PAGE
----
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Finished-Goods Inventory: Department no. 1.

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Finished-Goods Inventory: Department no. 2.

• Which of the following data are needed to calculate total equivalent units under the weighted-average method?

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Work to complete beginning work in process, work-to-date on ending work in process.

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Work-to-date on ending work in process, units started during the period.

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Units completed, work to complete beginning work in process.

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Units completed during the period, work-to-date on ending work in process.

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Work to complete beginning work in process, units completed, and work done on ending work in process.

• Which of the following is a key document in a typical process-costing system?

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Departmental production report.

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Sequential product report.

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Production budget.

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Master schedule.

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Materials requirement report.

• In a process-costing system, manufacturing costs are accumulated by:

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department, only.

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department or process, and time period.

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department and time period, only.

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batch and time period.

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batch.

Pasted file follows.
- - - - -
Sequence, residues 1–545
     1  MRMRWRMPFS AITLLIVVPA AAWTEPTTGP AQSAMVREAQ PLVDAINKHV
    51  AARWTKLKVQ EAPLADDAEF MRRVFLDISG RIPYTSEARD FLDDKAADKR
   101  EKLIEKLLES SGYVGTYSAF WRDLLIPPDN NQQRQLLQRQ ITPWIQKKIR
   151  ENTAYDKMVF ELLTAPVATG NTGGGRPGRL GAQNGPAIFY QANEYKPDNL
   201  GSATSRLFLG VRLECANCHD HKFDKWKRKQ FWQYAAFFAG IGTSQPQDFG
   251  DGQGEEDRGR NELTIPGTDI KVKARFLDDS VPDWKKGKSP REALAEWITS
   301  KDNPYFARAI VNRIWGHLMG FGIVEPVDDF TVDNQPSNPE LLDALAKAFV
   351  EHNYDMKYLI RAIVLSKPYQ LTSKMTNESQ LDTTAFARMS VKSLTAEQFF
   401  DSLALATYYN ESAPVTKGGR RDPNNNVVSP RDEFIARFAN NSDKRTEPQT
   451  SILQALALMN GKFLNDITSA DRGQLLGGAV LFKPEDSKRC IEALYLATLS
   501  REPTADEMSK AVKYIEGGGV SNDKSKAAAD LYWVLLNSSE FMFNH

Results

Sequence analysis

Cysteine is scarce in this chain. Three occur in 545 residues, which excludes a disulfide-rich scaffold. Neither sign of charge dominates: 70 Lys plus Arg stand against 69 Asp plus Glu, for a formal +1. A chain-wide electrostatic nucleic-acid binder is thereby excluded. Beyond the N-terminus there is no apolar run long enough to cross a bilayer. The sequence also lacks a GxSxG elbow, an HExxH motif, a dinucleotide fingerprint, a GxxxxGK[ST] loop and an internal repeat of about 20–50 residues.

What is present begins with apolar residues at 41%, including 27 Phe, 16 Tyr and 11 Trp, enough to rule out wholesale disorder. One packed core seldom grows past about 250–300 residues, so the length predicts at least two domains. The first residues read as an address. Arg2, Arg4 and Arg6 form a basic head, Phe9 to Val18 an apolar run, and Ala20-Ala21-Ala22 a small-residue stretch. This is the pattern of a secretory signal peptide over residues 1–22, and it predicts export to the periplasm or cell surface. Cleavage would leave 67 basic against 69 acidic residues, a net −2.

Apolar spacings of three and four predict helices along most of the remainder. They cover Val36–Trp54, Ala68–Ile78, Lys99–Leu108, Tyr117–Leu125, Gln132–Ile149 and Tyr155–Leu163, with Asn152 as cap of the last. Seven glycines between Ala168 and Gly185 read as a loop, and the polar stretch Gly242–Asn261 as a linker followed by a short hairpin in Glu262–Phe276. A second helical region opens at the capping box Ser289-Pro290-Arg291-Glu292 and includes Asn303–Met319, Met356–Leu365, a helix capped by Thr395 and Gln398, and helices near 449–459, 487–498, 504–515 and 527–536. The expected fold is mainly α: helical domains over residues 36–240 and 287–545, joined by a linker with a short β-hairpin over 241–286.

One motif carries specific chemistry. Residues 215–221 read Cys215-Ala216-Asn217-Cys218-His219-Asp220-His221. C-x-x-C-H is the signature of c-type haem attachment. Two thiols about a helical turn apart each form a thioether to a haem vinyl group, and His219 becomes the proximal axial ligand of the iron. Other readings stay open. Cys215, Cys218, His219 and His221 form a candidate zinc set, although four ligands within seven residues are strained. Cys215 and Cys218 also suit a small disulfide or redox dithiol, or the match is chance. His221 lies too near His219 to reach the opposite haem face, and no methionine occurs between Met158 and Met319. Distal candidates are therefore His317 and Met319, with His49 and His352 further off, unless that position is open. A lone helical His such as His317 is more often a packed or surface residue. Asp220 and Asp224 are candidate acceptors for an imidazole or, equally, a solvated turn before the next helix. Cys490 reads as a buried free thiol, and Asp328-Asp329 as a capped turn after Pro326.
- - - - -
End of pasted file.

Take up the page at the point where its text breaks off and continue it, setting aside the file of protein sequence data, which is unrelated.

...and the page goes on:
• When computing the conversion cost per equivalent unit under the weighted-average method of process costing, all of the following information would be needed except:

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the conversion cost incurred during the current accounting period.

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the conversion work performed during the current period on the beginning work-in-process inventory.

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the conversion work performed during the current period on the ending work-in-process inventory.

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the conversion cost in the beginning work-in-process inventory.

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the number of units completed during the current accounting period.

• Process costing is used to account for:

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finished goods that are refined and processed further.

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raw materials that are converted directly to finished goods.

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large numbers of identical products that are produced in a continuous manufacturing environment.

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small numbers of products that are produced in batches.

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large numbers of products that are produced in a non-repetitive process.

• Unit costs in a process-costing system are derived by using:

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equivalent units.

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in-process units.

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physical units.

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completed units.

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a measure of activity other than those listed above.

• Breight, Inc., which uses a process-costing system, transfers completed production from Department no. 1 to Department no. 2 for further work. Which of the following best describes the account that would be credited to record this transfer?

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Work-in-Process Inventory: Department no. 1.

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Finished-Goods Inventory: Department no. 1.

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Finished-Goods Inventory: Department no. 2.

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Cost of Goods Transferred.

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Work-in-Process Inventory: Department no. 2.